Two robot buddies struggle to share a remote-control car.
Standroid and Dandroid, a pair of robots constructed from lightly detailed simple shapes, one in fuchsia and one in gold, are “powered up” to play. At first, their individual games all mesh to create even better playtimes, as when one’s soap and the other’s water combine to make supercool bubbles, but a difficult-to-share remote-control car causes tension. For inanimate objects, the expressive motion lines and evocatively angled circular eyes against white background make the robots’ many emotions abundantly clear. They are never more so than when the increasingly jealous fuchsia robot (which is which is never entirely clear) declares that “sharing does not compute.” A tussle erupts, and the remote comes apart, revealing a “secret button” inside. Chagrined, they decide to press the button together, which starts a raucous laser show and “dance party.” It’s a feel-good ending for sure, but it’s also unsatisfying. Though the androids declare their decision to share, the phrase used—“Overriding self mode. / Initiating share sequence”—is bewilderingly confusing, and the two androids never actually model any sharing; rather it’s the improbable secret button that saves the day. Read aloud, the book achieves an appropriately robotic tone, but an overreliance on sophisticated tech words such as “sensors” and “activate” seems intended more for adult readers than the child audience.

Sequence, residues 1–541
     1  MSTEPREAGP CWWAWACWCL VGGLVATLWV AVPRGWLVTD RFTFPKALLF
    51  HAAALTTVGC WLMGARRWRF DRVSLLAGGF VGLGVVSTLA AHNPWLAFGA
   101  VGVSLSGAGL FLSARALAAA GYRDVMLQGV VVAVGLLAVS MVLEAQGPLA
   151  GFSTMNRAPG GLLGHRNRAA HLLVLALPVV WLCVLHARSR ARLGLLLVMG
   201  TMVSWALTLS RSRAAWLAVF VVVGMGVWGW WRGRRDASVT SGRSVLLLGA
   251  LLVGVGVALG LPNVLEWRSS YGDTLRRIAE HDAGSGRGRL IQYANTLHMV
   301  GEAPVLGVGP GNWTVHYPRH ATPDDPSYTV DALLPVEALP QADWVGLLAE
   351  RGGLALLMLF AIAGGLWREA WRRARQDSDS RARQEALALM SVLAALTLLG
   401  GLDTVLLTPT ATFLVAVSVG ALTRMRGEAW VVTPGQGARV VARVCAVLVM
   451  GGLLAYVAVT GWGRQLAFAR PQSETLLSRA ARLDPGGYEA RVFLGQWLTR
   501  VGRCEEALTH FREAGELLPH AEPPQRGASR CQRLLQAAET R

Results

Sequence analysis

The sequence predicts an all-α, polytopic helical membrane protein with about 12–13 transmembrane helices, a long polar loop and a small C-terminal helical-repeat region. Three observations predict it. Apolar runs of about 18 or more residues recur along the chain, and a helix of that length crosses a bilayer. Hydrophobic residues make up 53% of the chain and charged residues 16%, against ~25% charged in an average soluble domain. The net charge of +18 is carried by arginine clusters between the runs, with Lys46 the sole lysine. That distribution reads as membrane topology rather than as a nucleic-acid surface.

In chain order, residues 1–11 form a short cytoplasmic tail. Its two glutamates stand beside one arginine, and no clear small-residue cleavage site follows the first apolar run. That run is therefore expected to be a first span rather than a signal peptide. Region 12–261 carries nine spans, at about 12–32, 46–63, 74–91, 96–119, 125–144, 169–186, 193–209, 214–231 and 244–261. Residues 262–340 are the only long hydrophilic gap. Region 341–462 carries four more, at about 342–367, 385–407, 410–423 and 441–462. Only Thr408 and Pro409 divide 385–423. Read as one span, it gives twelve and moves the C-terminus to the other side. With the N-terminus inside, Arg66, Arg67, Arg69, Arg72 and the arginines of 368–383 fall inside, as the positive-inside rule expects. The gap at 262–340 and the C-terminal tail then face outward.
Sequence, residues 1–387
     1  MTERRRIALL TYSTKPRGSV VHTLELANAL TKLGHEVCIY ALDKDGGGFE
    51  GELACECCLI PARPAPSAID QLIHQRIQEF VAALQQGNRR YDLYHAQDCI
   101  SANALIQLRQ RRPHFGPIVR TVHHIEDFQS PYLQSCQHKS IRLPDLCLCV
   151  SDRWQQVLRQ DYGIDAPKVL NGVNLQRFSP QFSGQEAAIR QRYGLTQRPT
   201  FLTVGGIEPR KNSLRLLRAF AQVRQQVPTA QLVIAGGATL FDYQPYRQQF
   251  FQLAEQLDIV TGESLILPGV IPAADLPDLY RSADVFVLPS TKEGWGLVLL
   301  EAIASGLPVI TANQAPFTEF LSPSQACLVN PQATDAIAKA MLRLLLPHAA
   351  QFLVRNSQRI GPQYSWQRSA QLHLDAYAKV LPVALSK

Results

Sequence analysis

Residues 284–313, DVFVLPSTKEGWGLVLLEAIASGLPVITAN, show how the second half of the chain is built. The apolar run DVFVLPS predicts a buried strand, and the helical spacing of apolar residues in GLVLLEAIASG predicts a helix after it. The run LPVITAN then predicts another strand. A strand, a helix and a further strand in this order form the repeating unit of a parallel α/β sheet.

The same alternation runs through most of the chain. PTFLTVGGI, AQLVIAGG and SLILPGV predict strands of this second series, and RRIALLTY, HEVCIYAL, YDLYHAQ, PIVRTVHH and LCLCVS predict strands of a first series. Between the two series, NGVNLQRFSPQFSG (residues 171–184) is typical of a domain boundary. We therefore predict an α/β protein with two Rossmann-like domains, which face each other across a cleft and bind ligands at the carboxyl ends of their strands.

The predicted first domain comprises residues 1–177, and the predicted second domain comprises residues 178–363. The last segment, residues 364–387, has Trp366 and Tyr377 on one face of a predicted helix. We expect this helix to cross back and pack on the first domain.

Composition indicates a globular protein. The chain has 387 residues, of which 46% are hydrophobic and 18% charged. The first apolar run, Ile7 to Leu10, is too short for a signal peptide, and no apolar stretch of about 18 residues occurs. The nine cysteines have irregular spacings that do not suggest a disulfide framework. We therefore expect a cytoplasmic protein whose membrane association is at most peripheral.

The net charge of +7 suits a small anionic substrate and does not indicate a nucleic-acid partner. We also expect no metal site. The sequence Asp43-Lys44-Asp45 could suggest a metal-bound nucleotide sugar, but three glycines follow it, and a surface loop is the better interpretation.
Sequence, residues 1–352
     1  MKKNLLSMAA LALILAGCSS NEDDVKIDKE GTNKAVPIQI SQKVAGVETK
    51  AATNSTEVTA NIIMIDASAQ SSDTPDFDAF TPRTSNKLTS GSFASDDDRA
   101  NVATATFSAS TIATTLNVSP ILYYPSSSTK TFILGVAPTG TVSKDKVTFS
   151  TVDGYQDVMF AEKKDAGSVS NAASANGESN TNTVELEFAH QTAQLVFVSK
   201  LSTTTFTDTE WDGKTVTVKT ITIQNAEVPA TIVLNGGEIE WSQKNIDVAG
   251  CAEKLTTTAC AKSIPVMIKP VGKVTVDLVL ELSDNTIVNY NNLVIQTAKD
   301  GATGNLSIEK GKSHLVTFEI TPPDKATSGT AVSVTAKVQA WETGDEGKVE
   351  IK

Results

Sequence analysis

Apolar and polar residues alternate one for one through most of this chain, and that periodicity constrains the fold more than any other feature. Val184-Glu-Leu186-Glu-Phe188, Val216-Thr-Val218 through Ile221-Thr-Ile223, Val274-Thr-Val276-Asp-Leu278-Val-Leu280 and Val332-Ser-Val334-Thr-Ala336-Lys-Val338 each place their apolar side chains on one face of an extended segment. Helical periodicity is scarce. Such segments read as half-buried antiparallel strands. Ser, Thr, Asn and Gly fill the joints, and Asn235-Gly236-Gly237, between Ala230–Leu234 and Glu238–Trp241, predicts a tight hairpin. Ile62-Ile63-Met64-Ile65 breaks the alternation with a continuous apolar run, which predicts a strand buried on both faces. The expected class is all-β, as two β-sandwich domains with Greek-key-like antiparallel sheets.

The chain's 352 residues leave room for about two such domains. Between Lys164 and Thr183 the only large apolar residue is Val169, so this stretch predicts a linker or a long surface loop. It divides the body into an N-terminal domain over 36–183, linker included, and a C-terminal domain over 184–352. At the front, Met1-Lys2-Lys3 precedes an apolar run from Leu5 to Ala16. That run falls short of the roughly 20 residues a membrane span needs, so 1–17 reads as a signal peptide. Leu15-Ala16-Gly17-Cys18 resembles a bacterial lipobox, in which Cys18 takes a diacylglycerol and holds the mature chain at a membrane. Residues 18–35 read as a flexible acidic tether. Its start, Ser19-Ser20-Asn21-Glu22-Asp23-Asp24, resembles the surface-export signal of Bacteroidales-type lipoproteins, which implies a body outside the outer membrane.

The robot’s lively antics are amusing, but the story feels overly mechanical. (Board book. 1-3)